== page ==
Authors: Archer F.M., Hoffman M.T., Danckwerts J.E.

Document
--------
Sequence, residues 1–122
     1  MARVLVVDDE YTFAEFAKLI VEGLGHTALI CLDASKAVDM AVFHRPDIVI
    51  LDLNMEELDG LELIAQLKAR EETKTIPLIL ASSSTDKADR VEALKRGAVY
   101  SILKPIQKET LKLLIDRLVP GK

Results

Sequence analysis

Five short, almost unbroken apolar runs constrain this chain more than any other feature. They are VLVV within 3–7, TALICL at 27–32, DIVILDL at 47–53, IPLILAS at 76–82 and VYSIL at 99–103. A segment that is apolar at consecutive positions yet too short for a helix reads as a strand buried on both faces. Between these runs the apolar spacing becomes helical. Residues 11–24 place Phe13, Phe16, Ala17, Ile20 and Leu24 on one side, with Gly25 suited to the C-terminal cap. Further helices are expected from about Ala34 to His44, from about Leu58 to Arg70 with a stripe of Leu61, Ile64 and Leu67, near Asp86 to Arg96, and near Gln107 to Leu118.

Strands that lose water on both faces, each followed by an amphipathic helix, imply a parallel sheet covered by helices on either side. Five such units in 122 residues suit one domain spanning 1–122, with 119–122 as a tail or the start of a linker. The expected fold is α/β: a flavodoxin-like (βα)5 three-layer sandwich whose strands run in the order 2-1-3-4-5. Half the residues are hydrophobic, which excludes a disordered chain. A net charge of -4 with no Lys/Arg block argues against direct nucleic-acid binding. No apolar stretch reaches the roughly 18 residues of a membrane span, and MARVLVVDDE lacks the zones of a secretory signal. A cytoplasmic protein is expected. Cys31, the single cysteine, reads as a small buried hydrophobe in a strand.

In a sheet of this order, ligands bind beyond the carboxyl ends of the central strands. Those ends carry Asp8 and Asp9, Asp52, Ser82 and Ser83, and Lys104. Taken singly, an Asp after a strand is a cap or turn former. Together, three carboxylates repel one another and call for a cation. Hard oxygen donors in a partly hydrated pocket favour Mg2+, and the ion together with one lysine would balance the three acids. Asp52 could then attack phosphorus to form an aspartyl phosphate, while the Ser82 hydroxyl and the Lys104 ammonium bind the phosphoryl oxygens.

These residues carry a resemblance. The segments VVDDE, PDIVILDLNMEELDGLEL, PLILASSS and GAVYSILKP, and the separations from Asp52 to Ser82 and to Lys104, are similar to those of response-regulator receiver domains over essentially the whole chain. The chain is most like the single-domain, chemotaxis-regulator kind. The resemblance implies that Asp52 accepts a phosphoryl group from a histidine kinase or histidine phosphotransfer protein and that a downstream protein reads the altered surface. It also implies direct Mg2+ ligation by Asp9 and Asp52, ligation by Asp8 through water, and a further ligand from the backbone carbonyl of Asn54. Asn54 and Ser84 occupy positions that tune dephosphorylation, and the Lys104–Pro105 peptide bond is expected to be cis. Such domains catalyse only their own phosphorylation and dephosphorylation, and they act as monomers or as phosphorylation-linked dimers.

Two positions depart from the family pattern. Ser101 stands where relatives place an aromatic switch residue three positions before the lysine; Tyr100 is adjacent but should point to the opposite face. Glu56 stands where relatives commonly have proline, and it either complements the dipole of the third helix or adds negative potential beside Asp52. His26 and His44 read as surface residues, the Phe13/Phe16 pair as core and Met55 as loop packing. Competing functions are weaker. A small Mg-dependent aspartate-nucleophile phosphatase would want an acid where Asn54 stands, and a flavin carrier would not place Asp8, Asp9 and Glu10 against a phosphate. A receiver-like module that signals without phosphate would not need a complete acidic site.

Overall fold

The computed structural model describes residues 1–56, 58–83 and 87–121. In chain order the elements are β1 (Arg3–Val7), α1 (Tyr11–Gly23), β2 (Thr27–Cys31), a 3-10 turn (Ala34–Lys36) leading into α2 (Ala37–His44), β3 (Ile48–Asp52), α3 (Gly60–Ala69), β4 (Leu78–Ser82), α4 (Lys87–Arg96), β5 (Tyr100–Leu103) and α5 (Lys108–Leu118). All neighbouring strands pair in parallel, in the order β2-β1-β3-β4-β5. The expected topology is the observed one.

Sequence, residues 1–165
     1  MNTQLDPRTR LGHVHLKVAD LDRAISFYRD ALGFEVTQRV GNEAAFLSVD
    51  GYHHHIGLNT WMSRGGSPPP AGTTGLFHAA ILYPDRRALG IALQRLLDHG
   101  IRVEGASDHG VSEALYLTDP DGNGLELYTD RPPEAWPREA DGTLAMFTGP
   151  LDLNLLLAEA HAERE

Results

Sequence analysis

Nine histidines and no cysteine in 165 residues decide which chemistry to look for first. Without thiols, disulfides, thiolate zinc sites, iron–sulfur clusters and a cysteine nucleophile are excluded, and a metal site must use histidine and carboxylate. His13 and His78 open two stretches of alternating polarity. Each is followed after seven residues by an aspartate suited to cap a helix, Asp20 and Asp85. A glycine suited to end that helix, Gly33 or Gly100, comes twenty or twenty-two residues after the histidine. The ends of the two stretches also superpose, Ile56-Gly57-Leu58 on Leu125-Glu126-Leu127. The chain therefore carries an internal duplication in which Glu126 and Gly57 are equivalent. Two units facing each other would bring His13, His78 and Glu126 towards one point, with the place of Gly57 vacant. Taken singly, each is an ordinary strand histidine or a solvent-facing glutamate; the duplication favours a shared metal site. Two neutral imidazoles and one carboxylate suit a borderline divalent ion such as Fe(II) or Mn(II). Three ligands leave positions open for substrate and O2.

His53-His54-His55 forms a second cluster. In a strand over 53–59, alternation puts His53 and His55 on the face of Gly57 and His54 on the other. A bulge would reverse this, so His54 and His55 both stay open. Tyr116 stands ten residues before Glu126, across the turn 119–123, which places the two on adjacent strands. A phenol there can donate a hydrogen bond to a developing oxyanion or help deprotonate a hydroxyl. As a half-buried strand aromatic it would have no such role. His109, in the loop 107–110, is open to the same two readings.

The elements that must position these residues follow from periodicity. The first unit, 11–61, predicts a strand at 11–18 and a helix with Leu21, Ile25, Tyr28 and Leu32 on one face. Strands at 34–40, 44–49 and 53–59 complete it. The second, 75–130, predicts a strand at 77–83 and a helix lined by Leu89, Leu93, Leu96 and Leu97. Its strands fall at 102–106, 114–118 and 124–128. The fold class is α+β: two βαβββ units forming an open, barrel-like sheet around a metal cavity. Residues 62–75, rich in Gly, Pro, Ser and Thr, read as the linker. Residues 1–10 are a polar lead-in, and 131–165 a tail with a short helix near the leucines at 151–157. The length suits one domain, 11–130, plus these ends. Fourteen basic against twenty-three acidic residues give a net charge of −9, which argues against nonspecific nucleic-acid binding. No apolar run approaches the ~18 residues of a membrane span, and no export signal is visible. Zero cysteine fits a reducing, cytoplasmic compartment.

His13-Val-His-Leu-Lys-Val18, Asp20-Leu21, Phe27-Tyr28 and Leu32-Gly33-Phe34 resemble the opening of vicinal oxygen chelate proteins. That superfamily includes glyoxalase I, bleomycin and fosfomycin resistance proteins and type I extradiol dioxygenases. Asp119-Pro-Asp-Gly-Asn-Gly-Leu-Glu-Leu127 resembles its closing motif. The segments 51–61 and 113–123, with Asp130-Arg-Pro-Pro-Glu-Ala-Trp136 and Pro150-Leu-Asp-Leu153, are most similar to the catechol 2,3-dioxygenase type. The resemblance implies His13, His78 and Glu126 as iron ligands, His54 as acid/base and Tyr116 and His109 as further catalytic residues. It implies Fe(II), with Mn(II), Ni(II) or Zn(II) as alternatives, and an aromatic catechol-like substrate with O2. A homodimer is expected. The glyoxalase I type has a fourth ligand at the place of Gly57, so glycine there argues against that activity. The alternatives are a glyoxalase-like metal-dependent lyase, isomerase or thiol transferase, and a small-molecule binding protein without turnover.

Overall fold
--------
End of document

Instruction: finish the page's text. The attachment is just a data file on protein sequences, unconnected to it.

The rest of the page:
Nomadic pastoralism has been practised in Leliefontein for centuries. In 1984, the area was formally divided into 47 so-called 'economic units' on the assumption that this agricultural approach would (a) promote development in the region and (b) introduce conservation management to these areas. The communal land tenure system was effectively abolished. We relate potential income from livestock farming in the region to costs of production and show that most of the 47 farming units of Leliefontein are in fact not economic farming units. Furthermore, there is little evidence to indicate that it has been the communal system per se that has been responsible for land degradation in the area. We point out that the change in land tenure was based on technical considerations only, that the hidden costs were not adequately investigated and that the social ramifications were ignored.Keywords: communal system; conservation; conservation management; economic evaluation; land degradation; land tenure; land-use; leliefontein; livestock; livestock farming; namaqualand; nomadic pastoralism; pastoralism; potential fincancial income; south africa